"The subtext to 'The River' was time," Bruce Springsteen said as the E Street Band played a slow, shimmering vamp. "Time slipping away. And once you enter that adult world, the clock starts ticking and you've got a limited amount of time to do your work, to raise your family, to try and do something good."
That was Springsteen's postscript to the opening two-hour stretch of his concert at Madison Square Garden on January 27th: it was a complete performance of his 1980 double album, The River, prefaced by Meet Me in the City, one of the many outtakes from the album issued last year in the boxed set The Ties That Bind: The River Collection. He's performing the whole album throughout his current tour, and arrives in Dublin for a date in Croke Park on May 27th.
Time means even more now, 36 years after The River was released. The time Springsteen spent onstage: an intermissionless three hours as he followed The River with one can-you-top-this song after another. The time that Springsteen has led the E Street Band, which got its start in 1972, still includes its original bass player (Garry Tallent) and has now gone through generational changes, with Jake Clemons taking over on saxophone after the death of his uncle Clarence Clemons in 2011. (At the end of the show, Springsteen invariably praises the band with a carnival-barker string of adjectives that now includes "death-defying.") The time that Springsteen's loyal fans have had to absorb his albums, revisiting their joys and lessons as their own lives play out, perhaps marveling that Springsteen is still filling arenas.
The River has held up. For Springsteen, it was a pivotal album: the distillation of a lengthy recording process and long deliberation. Released when he was 31, the album opens, pointedly, with The Ties That Bind. As Springsteen explained onstage, The River strove to address the connections, responsibilities and compromises of adult life, from the fleeting pleasures of a night out dancing to the commitments of marriage and parenthood. The album also changed Springsteen's approach to songwriting; it newly compressed and streamlined his storytelling style. And the album's 20-song sequence carefully juxtaposed its ups and downs, with pensive ballads like The River itself and boisterous, cowbell-thumping rockers like Crush on You.
On the album, and now live, each song responds to the one before it – sometimes by extension, sometimes by contrast – in a flux of resilience and resignation, impulses and consequences. The songs themselves hold dualities; Cadillac Ranch, the album's most irresistibly twangy stomp and holler, praises cars yet contemplates death. Time is also folded into the music of The River, which was made in the 1970s with a history of rock and roots – the Byrds, Chuck Berry, Phil Spector, doo-wop, Bob Dylan, Otis Redding, the Rolling Stones, Roy Orbison, Woody Guthrie – threaded through its songs.
Onstage, Springsteen was committed as always to connecting with the audience and the band, clowning with guitarist Steve Van Zandt and sometimes sharing a single microphone with up to four band members, leaning in and out for call-and-response vocals. He often stepped onto a platform where people up front could reach his legs, and he walked onto and around the arena floor for handshakes, high-fives and selfies. During Hungry Heart, the hit single from The River, he not only led the joyful singalong but also fell back on upstretched arms to crowd-surf up to the stage.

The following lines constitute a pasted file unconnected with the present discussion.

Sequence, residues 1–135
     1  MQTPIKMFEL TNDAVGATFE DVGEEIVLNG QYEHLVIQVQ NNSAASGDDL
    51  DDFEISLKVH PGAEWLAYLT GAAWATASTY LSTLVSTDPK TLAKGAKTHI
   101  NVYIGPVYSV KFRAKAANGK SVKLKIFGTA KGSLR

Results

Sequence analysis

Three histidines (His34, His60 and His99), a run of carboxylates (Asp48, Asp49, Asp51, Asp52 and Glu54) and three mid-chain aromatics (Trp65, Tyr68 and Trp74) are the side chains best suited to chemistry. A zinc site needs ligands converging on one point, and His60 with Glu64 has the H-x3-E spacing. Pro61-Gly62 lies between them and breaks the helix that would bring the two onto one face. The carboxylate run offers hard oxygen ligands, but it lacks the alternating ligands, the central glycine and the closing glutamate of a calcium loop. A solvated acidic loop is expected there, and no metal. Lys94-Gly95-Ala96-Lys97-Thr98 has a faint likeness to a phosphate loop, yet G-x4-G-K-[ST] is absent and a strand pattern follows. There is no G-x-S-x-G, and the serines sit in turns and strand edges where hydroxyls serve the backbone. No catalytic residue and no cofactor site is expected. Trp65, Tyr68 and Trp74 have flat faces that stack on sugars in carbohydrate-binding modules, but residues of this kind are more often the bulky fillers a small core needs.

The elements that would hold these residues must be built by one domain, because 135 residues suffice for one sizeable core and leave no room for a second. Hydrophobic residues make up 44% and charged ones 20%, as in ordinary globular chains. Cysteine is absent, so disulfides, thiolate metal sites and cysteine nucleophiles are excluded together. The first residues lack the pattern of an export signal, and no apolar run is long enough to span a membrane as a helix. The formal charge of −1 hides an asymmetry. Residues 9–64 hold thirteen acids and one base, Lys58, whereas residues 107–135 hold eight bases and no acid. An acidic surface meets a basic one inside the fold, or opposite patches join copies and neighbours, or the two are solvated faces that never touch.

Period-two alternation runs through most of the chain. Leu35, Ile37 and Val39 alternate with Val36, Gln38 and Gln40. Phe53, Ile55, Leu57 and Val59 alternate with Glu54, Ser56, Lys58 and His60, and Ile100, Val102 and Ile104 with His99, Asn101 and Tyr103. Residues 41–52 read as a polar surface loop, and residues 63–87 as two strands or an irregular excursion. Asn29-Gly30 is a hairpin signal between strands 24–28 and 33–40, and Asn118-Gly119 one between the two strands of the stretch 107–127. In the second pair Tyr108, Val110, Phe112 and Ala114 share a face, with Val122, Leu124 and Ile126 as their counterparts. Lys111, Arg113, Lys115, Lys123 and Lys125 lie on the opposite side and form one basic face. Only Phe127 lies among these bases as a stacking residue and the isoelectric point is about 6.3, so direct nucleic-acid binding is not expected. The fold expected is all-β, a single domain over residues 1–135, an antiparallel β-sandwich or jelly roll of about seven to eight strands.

Springsteen spoke in depth about a few songs, introducing I Wanna Marry You as "a song of imagining love in all its excitement and its tentativeness," then sharing an eerie, extended vocal introduction to the song, his voice overlapping with Van Zandt's.
The River ends in mourning and persistence, with Wreck on the Highway, a song narrated by an onlooker who wonders about the dead man's girlfriend or family and those who will have to bring the bad news: time ended for the man in the wreck, time stretches ahead for those connected to him.
But Springsteen wouldn't leave a concert on that doleful note. Moments later, the band was barreling through a string of songs about lust, love and romance: the pealing arpeggios and Bo Diddley beat of She's the One; the galloping momentum of Candy's Room; the anthemic surge of Because the Night with a leaping, swooping guitar solo played by Nils Lofgren as he hopped and twirled on one foot; and the updated girl-group pop, with troubled thoughts, of Brilliant Disguise, which ended with Springsteen embracing his wife (and backup singer), Patti Scialfa.
The concert's only 21st-century songs were Wrecking Ball from 2009 and The Rising. Then came the final, full-throttle, standing-ovation, shout-along final sprint: Thunder Road, Born to Run, Dancing in the Dark, Rosalita and – signaling show's end – Shout. They were, besides being unstoppable, songs that have what the succinct verse-chorus-verse songs of The River had set aside: elaborate structures, virtuoso instrumental passages, key changes. But they are also songs that have connected Springsteen and his fans through the decades, defying time once again.
– NYT Service